LinkedIn, the Microsoft-owned social network for the working world with some 580 million users, took a big step into professional development and education when it acquired Lynda.com for $1.5 billion and used it as the anchor for LinkedIn Learning.
Now, with 13,000 courses on the platform, LinkedIn is announcing two new developments to get more people using the service. It will now offer videos, tutorials and courses from third parties such as Treehouse and the publishing division of Harvard Business School. And in a social twist, people who use LinkedIn learning — the students and teachers — will now be able to ask and answer questions around LinkedIn Learning sessions, as well as follow instructors on LinkedIn, and see others’ feedback on courses.
Unlimited access to LinkedIn Learning comes when a person pays for LinkedIn’s Premium Career tier which costs around $30/month, or when a company takes an enterprise team subscription for the Learning service. Today, LinkedIn tells me that it has around 11,000 enterprise customers, and it doesn’t break out how much traffic is has overall on LinkedIn, but says that there has been a 64 percent growth in paid learners since the start of 2017 — number that it’s clearly looking to boost with these new features.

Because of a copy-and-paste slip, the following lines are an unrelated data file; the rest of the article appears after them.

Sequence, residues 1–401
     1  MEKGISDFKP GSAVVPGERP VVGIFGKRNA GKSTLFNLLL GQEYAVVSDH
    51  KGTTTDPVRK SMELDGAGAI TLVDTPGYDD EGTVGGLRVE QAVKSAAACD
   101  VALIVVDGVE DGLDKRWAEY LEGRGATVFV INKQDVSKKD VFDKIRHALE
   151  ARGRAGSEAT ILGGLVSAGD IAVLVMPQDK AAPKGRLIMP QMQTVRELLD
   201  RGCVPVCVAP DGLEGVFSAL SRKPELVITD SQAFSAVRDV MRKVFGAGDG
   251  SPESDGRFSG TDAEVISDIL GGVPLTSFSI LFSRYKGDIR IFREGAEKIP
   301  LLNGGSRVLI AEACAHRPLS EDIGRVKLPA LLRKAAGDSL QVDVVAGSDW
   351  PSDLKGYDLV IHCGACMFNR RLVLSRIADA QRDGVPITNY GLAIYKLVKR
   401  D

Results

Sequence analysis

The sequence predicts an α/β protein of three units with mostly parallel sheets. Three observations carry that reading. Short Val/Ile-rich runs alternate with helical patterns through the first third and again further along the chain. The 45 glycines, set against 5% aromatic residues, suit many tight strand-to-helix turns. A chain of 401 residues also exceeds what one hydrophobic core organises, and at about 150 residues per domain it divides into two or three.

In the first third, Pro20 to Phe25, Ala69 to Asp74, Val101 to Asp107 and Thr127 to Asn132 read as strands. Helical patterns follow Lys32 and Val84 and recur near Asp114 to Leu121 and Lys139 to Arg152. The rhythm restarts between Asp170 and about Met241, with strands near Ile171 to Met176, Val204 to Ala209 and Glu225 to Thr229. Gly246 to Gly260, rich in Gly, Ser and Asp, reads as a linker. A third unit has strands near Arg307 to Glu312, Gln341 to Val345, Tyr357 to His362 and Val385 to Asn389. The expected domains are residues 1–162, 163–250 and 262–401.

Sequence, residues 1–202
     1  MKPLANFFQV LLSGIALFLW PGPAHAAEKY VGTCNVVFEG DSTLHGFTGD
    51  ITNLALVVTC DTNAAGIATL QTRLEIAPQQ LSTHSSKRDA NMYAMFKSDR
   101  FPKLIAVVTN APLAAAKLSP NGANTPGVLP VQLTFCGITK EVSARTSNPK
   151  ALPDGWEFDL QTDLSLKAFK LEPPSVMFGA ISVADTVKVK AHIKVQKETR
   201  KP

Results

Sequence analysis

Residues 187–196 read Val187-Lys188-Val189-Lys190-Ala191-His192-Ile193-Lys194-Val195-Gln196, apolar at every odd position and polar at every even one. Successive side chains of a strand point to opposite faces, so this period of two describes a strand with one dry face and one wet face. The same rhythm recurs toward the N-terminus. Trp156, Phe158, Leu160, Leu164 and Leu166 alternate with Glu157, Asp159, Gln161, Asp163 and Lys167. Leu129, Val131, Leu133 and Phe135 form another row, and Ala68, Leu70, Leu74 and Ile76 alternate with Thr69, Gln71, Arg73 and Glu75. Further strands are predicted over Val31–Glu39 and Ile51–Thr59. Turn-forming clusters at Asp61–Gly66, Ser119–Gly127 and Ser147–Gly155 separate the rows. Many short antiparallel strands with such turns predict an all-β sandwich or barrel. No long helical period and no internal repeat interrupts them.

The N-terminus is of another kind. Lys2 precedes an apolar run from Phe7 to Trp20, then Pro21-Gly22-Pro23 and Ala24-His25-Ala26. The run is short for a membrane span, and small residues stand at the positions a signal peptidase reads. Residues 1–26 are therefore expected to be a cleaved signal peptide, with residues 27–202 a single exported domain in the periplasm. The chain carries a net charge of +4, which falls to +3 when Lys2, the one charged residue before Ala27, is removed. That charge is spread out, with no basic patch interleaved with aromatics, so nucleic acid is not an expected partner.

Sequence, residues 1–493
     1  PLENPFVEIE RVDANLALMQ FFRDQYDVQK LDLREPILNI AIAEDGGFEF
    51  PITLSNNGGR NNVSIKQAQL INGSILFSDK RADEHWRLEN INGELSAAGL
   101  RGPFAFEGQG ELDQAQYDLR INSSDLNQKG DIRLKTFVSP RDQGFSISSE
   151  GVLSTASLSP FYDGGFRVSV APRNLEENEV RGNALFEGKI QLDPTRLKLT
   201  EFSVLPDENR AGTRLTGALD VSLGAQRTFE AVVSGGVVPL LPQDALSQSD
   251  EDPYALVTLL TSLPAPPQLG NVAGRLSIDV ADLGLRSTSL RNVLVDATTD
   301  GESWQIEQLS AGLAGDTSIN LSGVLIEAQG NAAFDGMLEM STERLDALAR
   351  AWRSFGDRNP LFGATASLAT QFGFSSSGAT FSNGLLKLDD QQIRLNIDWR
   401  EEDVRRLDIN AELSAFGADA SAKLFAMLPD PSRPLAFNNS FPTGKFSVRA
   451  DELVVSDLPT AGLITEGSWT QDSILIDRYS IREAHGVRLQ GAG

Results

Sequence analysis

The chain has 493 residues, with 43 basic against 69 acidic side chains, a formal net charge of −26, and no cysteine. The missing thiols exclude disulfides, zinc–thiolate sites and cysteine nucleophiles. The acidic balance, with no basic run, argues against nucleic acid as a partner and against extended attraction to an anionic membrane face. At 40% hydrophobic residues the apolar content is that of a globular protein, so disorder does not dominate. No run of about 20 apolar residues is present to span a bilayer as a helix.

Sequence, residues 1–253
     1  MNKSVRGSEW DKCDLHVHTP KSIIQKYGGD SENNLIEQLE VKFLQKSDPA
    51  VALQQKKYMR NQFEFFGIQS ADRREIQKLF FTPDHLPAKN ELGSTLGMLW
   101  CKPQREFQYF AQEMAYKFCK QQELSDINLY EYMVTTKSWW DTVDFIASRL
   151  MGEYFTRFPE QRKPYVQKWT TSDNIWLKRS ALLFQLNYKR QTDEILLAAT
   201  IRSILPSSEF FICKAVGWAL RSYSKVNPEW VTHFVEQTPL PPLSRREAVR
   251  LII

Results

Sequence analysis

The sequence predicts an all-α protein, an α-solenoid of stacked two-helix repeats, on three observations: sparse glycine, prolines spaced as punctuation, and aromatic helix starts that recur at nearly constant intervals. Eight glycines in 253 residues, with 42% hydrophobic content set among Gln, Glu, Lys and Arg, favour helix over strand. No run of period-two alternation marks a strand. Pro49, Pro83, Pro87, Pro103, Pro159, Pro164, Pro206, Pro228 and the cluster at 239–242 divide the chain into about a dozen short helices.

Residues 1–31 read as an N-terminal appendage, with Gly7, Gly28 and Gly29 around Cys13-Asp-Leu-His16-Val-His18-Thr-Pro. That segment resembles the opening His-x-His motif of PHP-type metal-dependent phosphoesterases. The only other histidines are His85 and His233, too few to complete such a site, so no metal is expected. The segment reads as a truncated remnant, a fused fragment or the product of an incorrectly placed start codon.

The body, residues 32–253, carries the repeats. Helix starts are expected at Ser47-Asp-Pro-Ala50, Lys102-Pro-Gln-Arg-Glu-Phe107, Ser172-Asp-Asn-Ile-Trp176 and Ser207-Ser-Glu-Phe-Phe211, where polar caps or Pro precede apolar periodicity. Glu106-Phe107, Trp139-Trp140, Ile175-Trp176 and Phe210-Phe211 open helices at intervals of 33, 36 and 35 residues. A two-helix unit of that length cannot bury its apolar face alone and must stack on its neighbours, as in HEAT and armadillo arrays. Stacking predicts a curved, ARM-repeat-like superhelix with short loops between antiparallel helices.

James Raybould, the director of product for LinkedIn Learning, said that the third-party expansion will come slowly at first with a handful of partners getting access to integrate with LinkedIn Learning. Over time, this could expand to be a public API for anyone to integrate content, he added, but for now LinkedIn is doing the curating. The company has had a patchy history when it comes to sharing data and its platform with third parties, and it shut down full access to its API to everyone but a handful of partners several years ago.
Notably, he also said that LinkedIn itself is not planning on curtailing the amount of content it will continue to produce for Learning: it’s currently adding on average more than 70 new courses each week on average, he said.
The content in this first wave of third-party providers feels like a natural extension of the Influencer-based content that LinkedIn has been running in its main newsfeed: it runs the gamut from actual co